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Illustration: Brendan Lynch/Axios

More than a dozen CEOs of major health systems sent a letter to Congressional leaders Wednesday calling for support of President Biden's proposal to fund $5 billion in hospital and community-based gun violence intervention programs.

Why it matters: The letter from some of the top health systems in the country — including CommonSpirit Health, RWJBarnabas Health, Sanford Health and Intermountain — comes as gun violence reaches critical levels.

  • In 2020, there were a record 43,559 firearms-related deaths and more than 39,000 additional injuries recorded. The country on pace to surpass records again this year.

The goal is “keeping the pressure on Washington” Michael Dowling, president and CEO of Northwell Health told Axios.

The big picture: Health care professionals have become increasingly vocal on the lack of tools to address the growing number of victims affected by gun violence in hospitals every day.

  • Many health systems are trying to implement their own intervention programs or apply for federal funding to research root causes of gun injuries.
  • In some cities, as many as 45% of patients with a history of violent injury return with another injury within the next five years, according to the letter to Congress.

Context: Gun violence is the least researched of the 30 leading causes of death, largely because Congress had banned such research.

  • But $25 million was made available last year, which caused a flood of interest among scientists and researchers to study gun injury research.

What they're saying: Dowling hopes his messaging on gun violence as a public health issue will get more of a collaborative effort with the public and lawmakers than years of divisive talks on gun control.

  • "Our stance from the health care industry is firearm injuries, no different than COVID-19, is not a political issue," Chethan Sathya, pediatric surgeon and the director of Northwell’s Center for Gun Violence Prevention, tells Axios.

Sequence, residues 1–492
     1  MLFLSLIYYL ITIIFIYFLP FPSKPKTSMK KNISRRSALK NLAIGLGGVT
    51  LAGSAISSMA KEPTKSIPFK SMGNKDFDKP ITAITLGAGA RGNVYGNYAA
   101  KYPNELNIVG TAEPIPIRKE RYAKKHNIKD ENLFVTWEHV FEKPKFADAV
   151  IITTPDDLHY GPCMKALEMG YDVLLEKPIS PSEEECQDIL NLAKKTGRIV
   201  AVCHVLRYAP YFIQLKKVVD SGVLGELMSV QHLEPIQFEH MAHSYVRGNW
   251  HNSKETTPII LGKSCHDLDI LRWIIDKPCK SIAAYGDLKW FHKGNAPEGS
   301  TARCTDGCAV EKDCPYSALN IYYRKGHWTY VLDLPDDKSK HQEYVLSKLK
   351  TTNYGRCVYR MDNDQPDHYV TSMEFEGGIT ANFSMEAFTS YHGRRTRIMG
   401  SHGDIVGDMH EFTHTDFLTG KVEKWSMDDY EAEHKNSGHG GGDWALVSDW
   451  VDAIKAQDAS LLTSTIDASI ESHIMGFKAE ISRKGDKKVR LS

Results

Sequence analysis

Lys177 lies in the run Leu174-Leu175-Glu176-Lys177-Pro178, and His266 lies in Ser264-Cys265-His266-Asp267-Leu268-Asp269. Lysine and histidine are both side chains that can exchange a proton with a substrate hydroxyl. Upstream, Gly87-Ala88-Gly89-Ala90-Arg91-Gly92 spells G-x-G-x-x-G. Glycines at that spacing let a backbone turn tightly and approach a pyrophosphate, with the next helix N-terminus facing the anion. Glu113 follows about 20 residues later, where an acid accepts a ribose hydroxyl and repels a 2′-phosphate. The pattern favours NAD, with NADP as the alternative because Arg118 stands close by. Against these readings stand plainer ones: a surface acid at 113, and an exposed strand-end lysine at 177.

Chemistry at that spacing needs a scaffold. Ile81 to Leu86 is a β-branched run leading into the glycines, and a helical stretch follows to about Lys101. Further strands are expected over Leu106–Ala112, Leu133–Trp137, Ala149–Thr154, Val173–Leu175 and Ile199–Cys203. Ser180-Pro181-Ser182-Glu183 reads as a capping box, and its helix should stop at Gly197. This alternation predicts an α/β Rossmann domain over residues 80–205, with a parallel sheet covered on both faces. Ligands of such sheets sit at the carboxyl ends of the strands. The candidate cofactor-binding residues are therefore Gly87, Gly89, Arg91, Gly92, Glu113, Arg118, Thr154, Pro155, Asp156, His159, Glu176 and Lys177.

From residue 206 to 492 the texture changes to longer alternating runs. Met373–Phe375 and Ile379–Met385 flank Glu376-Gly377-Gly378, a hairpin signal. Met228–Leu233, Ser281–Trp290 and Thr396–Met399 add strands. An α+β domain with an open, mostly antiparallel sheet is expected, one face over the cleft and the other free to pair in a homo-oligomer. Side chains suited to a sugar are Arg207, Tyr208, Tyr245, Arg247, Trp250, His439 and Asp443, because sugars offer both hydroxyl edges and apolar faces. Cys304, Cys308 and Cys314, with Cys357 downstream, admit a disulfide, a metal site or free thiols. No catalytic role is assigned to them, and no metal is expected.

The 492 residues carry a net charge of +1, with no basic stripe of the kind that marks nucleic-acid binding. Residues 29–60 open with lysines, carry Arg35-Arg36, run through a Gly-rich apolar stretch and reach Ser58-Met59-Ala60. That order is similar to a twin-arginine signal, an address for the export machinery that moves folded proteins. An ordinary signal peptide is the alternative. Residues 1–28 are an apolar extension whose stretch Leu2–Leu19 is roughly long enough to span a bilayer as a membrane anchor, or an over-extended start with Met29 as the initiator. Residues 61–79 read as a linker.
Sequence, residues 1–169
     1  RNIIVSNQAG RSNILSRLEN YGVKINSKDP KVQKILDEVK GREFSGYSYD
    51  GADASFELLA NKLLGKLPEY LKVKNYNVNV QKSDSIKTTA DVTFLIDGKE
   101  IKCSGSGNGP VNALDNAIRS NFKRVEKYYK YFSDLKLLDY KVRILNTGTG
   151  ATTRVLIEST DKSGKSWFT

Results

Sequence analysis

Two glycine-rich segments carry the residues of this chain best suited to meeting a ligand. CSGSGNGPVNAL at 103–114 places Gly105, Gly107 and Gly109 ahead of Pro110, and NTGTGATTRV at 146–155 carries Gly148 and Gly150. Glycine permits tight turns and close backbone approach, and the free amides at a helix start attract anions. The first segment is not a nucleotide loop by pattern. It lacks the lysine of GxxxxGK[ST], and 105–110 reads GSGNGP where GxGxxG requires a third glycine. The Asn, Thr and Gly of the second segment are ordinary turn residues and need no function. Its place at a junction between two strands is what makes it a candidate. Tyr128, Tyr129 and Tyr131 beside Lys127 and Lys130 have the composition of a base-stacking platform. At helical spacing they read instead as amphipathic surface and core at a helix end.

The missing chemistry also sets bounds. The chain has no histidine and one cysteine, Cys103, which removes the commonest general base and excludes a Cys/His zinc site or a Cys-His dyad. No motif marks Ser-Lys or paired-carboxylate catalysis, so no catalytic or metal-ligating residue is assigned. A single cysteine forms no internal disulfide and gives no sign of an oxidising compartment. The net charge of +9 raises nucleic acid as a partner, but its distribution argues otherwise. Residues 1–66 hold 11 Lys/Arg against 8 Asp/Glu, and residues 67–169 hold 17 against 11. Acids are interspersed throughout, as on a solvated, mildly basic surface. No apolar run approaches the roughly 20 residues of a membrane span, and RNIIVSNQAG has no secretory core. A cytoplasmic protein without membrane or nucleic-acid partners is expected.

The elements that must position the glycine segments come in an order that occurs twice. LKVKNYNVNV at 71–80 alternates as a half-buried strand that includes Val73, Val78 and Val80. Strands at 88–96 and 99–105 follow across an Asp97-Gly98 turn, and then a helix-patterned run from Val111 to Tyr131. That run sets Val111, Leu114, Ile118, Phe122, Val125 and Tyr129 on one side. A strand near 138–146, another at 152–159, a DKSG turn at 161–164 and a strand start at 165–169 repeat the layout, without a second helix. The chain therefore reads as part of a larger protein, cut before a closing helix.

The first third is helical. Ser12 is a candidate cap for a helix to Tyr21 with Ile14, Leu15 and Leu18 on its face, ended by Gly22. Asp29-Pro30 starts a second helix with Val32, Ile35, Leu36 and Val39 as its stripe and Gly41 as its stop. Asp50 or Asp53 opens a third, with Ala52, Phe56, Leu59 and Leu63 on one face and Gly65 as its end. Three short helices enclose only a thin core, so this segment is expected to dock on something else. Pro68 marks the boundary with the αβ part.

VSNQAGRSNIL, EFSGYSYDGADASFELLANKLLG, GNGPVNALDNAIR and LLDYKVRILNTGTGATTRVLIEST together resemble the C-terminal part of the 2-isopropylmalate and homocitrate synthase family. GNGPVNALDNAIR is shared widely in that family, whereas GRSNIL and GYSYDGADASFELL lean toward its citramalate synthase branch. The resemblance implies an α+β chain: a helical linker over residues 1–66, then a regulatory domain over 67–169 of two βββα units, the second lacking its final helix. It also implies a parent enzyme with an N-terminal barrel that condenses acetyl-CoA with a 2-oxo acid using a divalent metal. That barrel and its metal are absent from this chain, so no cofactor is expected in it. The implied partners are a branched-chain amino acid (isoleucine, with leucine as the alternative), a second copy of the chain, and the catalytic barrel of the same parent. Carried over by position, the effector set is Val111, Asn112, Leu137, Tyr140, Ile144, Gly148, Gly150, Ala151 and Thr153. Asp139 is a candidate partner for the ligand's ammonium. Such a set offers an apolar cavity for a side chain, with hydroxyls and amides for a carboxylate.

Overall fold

• "This is a combination of enough is enough, they want the violence to stop. They want unnecessary firearm injuries to stop," he added.

Go deeper

Jul 14, 2021 - Health

What to watch for during health care's Q2 earnings

Illustration: Sarah Grillo/Axios

Corporate America is expecting big jumps in profits in the second quarter. That's especially the case in health care, an industry that hasn't really lost a lot of financial momentum throughout the coronavirus pandemic.

The bottom line: Health care spending is basically back to pre-COVID levels. Expect big numbers across the board.

NWA COVID-19 surge threatens to strain health care system

Data: Northwest Arkansas health care providers. Chart: Axios Visuals

Pictures sometimes tell the stories words can't.

Why it matters: As cases rise, so will the strain on the local health care system.

Details: These numbers are representative of Arkansas Children's Northwest, Community Clinic, Mercy Northwest Arkansas, Northwest Health, UAMS Northwest, Veterans Health Care System of the Ozarks and Washington Regional Medical Center.

Zoom out: COVID-19 cases statewide were up by 1,875 on Tuesday, the largest one-day increase in more than five months, the Arkansas Democrat-Gazette reported.

  • The number of people hospitalized in Arkansas Tuesday was 815, the highest since February.
  • There were 313 patients in intensive care and 131 on ventilators.

Cam Patterson, UAMS chancellor, told the Associated Press that the increases are straining hospital resources.

The bottom line: Arkansas still has the highest COVID-19 case rate in the U.S., at 36 per 100,000 residents.

Of note: Gov. Asa Hutchinson extended his road trips and next week will travel to Mountain Home, Dumas, Heber Springs and Siloam Springs to try to convince the vaccine hesitant to get the shot.

Go deeper: Axios' national team continues to cover the issue from every angle:

Salt Lake City declares racism a public health crisis

Photo: Universal Images Group via Getty Images

Salt Lake City has declared racism a public health crisis after the city council and mayor adopted a joint resolution, pledging to eradicating racist policies.

The big picture: The resolution comes after the Centers for Disease Control and Prevention declared racism a serious public health threat in April.